Turbine blades repaired with a coating process developed by Japan's Ishikawajima-Harima Heavy Industries' (IHI) have been cleared to enter service in February 2007. The MSCoating process improves resistance to abrasion, oxidation and erosion.

MSCoating uses an energy discharge to transfer a coating material, either sintered metal or ceramic powder, through a dielectric fluid on to the surface to be coated. The coatings can be up to 0.7mm (0.027in) thick.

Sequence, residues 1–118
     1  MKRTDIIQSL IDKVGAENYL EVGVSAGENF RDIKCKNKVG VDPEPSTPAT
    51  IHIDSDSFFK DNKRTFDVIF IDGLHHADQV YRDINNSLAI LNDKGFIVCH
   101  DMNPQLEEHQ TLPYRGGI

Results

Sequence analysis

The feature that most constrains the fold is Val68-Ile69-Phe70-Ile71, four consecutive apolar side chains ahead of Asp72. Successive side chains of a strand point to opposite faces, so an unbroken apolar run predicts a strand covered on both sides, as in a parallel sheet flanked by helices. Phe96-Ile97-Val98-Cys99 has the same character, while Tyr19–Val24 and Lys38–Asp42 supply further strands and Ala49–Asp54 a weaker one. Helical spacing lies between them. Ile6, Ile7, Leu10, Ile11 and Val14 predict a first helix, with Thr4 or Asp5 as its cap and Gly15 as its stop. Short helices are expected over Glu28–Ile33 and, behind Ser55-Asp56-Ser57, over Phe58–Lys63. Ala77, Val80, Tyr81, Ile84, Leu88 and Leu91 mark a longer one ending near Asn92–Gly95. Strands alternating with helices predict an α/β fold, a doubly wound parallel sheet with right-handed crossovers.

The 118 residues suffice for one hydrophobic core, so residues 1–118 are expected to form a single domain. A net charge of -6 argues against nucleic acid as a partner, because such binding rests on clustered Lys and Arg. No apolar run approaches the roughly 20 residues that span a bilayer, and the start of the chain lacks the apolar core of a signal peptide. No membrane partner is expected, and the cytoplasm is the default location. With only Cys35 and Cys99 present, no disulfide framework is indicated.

The process has been tested on IHI-produced low-pressure turbine blades for the General Electric CF34 engine. After four months of operation the repaired blade showed no signs of wear. "We are preparing for mass production now. The plan is to start in October [for a 2007 entry into service]," says IHI's aeroengines and space operations division.

The distance from the coating material, which is in the form of a block, to the target surface is about 50 microns. The electric discharges are generated about 10,000 times a second. These discharges melt the coating block's surface and the target surface, enabling the coating material to be transferred and mixed with the molten target surface. With repeated discharges, the company claims a thick cladding can be produced.

Source: Flight International